The Breakthrough Program Helping Young Adults with Autism to Gain Social Independence - Hope 103.2

The Breakthrough Program Helping Young Adults with Autism to Gain Social Independence

Impaired social skills is a feature of autism. But a new social skills program is hepling young people to get social-savvy and become indepednent.

By Clare BruceWednesday 16 Jan 2019RelationshipsReading Time: 3 minutes

Bullying, rejection, conflict, dating jitters – they’re stressful situations for young people at the best of times. So imagine how much tougher these social scenarios must be for a young person with Autism Spectrum Disorder (ASD). 

Difficulty with social skills is a hallmark feature of autism spectrum disorder. People with autism have trouble understanding and responding to social cues. As a result, young people on the spectrum can find it hard to form good friendships, and gain independence from their parents.

The good news is that a new social skills program, called PEERS (Program for the Education and Enrichment of Relational Skills) is radically changing the lives of young adults with autism around the world, by teaching them social savvy. And it’s coming to Sydney this month.

PEERS is designed to help young adults gain independence, build friendships and maintain them, and navigate their way through challenging social scenarios. It uses rehearsal exercises, role-play and performance feedback, and also involves parents and carers.

The Dos and Don’ts of Social Scenarios According to Peers

The 16-week program takes a straightforward ‘do-and-don’t’ approach, teaching young adults with autism the following tactics – which any adults would find helpful!

How to Handle Teasing or Mocking

DON’T: Tease the teaser. It only gives a teaser the reaction they are looking for.

DO: Guys – Act like you do not care; Women – have an attitude. When a guy acts as though the teasing is boring or uninteresting, and when a woman acts unaffected, teasers do not get the reaction they want. This ruins their fun and discourages them.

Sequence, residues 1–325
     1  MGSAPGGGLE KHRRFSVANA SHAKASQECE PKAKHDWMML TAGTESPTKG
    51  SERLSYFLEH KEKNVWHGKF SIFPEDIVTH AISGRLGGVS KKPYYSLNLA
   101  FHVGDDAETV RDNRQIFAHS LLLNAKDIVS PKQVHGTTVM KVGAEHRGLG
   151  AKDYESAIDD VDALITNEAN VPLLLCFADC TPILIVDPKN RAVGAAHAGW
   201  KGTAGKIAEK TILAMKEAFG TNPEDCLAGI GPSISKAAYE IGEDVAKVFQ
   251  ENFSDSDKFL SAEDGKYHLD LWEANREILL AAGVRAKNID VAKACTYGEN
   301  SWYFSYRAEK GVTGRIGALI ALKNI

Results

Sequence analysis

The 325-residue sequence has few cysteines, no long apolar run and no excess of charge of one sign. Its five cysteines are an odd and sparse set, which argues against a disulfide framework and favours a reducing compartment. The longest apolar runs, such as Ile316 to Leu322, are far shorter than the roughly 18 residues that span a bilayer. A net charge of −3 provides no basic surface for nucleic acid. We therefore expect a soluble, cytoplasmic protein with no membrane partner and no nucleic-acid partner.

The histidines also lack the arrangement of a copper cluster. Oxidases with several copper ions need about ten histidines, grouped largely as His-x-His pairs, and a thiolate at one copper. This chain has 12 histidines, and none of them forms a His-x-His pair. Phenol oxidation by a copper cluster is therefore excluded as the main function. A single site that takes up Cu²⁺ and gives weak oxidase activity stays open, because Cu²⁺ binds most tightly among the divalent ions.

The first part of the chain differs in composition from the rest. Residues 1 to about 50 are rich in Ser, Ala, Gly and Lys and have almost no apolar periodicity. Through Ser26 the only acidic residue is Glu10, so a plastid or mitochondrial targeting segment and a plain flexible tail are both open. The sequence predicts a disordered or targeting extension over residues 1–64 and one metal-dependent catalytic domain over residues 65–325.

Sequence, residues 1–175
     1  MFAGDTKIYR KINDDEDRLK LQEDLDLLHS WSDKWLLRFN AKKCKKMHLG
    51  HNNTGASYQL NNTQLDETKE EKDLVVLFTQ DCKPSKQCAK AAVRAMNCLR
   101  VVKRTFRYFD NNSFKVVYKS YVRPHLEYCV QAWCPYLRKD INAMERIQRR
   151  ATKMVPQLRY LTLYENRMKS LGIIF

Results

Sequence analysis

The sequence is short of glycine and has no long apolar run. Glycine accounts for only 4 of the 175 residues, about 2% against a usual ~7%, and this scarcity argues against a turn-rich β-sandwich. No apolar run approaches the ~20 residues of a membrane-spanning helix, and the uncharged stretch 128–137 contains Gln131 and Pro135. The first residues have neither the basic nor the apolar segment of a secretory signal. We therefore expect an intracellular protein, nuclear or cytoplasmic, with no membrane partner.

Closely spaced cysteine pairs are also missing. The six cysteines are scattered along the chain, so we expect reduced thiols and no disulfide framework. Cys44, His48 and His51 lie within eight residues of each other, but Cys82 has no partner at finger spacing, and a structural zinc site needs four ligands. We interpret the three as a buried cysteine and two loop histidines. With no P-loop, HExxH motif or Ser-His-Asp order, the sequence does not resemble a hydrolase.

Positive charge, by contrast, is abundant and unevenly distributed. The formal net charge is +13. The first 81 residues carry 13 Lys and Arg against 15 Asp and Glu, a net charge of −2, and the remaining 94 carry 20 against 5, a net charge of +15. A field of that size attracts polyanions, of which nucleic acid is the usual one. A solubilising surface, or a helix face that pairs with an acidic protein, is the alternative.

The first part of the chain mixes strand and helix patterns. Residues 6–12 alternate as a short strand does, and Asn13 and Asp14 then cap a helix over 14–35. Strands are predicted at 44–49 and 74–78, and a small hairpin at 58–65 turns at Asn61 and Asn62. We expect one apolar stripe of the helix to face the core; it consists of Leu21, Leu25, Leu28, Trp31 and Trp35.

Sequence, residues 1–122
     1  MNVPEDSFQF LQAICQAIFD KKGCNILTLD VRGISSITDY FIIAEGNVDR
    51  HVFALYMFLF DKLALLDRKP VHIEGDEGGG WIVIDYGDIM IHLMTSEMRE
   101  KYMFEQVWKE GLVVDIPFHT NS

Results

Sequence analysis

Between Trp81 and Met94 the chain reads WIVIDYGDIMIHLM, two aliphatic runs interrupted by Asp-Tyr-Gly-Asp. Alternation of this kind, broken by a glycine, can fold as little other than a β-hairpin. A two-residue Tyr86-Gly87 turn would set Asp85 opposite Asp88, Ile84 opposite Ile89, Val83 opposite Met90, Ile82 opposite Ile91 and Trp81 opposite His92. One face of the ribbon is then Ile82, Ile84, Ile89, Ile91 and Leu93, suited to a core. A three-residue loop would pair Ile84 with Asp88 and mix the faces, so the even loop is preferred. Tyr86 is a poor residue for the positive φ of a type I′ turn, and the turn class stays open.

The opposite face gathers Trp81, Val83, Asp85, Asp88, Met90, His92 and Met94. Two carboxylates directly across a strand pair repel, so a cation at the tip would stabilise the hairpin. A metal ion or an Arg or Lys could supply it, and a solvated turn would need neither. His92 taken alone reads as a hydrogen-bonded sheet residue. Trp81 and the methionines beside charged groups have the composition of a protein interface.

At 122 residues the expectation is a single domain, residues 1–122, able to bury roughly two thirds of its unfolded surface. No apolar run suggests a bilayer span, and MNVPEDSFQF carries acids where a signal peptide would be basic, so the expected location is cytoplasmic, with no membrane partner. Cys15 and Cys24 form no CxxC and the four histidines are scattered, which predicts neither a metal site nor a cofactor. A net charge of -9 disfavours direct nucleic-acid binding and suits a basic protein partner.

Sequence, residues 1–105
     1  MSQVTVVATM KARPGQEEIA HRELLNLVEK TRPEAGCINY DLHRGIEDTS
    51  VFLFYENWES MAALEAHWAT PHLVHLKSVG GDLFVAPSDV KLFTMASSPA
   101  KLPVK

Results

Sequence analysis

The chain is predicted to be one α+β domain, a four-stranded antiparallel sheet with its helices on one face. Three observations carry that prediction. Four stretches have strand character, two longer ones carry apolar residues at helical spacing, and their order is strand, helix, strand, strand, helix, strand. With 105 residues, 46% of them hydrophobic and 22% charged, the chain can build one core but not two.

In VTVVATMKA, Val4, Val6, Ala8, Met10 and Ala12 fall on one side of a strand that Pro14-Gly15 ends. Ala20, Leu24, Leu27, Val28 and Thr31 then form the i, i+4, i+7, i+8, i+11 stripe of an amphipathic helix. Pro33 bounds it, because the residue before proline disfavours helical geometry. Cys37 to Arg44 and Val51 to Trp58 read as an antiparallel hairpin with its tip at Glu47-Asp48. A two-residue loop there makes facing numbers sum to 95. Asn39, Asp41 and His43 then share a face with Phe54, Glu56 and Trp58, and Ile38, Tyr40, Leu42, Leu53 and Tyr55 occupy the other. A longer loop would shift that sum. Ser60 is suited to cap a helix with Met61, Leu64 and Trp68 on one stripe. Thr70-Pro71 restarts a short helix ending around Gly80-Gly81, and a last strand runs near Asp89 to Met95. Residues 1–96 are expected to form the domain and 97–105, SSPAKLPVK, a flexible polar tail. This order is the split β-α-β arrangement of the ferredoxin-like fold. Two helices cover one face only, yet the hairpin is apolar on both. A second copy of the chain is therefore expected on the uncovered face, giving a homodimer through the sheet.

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How to Build Friendships and Handle Rejection

DON’T: Continue to try to befriend someone that has rejected you. If a person ignores your attempts to talk, don’t persist in contacting them.

DO: Find friends by exploring common interests. Join a group you’re interested in, such as a chess club, a band, or other hobby group that meets weekly. Schedule regular phone chats if possible

Group of young happy friends playing video games at home.

How to Handle a Disagreement

DON’T: Get upset, and expect the other person to admit they are wrong. Showing negative emotion and telling someone they are wrong will only turn a disagreement into an argument.

DO: Respond empathetically, and make your point calmly, aiming to end the disagreement. Instead of jumping in defensively, instead listen, show empathy and then calmly explain your viewpoint.

How to Ask Someone on a First Date

DON’T: Be too intrusive or overshare. Pressuring someone into dating can come across as stalking. When on a first date, avoid asking about dating history, or oversharing about your exes or a lack of relationships.

DO: Get to know someone first. To avoid rejection, young adults should speak with a mutual friend first, to find out if their ‘crush’ is single, shares their interests, or if the feelings are mutual. Dating is a choice, and it is important to move on if someone is not interested.

How PEERS is Changing Young Peoples’ Lives

21 year old Michael Stanton

Above: PEERS has helped 21 year old Michael Stanton to thrive.

Many graduates of the PEERS course have been able to join social groups, enrol in university, get jobs and move out of home. Among them is Michael Stanton, a 21-year-old Sydney man.

A year ago Michael was living at home, not working, and had few friends. He now works, lives out of home independently, and has built a stronger network of friends. The course has changed his life.

“He now has the confidence to initiate social contact that he wouldn’t have done before,” said his mum, Suzanne.

“We’ve watched his independence grow, and he has got his first job in a café.”

“Since partaking in the program, we’ve watched his independence grow, and he has got his first job in a café… it requires him to use the communication skills he acquired through the PEERS program. He’s also living independently from us on the other side of Sydney, which is a huge step, and he is initiating get-togethers with friends, such as movie nights.”

For more info about PEERS head to the Peers Australia website,